I've compared the casualty numbers to those of a low-key but continual civil war, with more than a thousand dead and tens of thousands injured each and every year. Overall homicide rates are much higher than the rate of killings by police, however. Police involved homicides are generally about 10% of the total; in some jurisdictions they are 20% or more, but those tend to be exceptions. What makes these statistics striking is that there are no more than one million sworn officers and fewer than that are patrolling the streets -- and killing people in the process. In other words, the seeming epidemic of police violence is being committed by a relative handful of Americans, a tiny percentage of police are responsible for a relatively large percentage of homicides.

Media coverage of the issue has grown substantially over the past years -- especially since the killing of James Boyd in Albuquerque in March of 2014, and the subsequent demonstrations against police violence. The media's narrative on events surrounding police violence and the protests against it has a presumptive start date in August of 2014, with the killing of Mike Brown in Ferguson, MO. The earlier Albuquerque incident(s) and protests have been -- for the most part -- vanished from the narrative, in part, I suspect, because James Boyd was white and mentally ill, and the narrative of the "national conversation" that's been going on asserts that it is about police violence against "unarmed young black men" and essentially nothing else.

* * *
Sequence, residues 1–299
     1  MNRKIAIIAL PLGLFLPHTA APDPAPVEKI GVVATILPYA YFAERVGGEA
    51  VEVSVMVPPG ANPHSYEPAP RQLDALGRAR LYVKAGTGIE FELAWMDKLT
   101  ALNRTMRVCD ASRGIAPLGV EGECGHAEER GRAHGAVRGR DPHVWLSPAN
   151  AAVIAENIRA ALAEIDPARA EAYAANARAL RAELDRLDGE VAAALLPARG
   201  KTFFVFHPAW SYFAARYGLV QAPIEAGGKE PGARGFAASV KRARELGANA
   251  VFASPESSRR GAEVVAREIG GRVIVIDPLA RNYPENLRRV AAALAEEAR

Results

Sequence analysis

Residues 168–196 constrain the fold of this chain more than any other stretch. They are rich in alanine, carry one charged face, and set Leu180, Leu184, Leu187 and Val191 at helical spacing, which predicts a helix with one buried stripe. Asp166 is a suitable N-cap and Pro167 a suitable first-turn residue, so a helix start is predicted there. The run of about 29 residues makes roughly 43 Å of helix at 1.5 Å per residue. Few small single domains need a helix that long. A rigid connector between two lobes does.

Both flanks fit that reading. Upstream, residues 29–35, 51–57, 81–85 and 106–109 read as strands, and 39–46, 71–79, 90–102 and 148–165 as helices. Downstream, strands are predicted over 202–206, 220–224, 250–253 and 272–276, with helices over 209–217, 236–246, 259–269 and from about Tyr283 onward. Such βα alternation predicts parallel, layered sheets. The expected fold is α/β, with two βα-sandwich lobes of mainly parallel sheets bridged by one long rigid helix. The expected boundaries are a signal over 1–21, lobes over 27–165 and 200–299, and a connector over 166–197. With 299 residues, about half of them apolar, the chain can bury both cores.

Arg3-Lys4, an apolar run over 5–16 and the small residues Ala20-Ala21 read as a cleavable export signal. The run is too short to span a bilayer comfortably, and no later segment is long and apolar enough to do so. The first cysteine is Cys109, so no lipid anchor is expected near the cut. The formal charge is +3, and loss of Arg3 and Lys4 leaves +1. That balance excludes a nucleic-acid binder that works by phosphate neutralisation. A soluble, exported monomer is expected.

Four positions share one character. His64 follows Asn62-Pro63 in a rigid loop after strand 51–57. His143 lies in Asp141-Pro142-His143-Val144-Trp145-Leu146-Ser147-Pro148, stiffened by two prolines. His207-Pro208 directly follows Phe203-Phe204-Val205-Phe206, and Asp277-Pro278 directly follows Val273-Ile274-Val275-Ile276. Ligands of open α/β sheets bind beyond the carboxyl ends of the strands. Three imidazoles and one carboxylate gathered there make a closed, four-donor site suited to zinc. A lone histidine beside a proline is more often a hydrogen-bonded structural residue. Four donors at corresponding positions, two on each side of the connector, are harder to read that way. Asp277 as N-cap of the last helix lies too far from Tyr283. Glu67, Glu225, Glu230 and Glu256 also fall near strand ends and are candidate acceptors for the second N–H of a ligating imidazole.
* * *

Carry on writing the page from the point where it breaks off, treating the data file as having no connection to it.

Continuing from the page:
That's an important aspect of police violence, but it is not the only one. Police are violent against any perceived "Other," including young black men in general, other racial minorities, the poor and the homeless in general, anyone who doesn't fit a very narrow model of appearance and behavior, or who is mentally ill, or is engaged in a domestic dispute, or who fails to obey sufficiently or fast enough to satisfy the violent officer.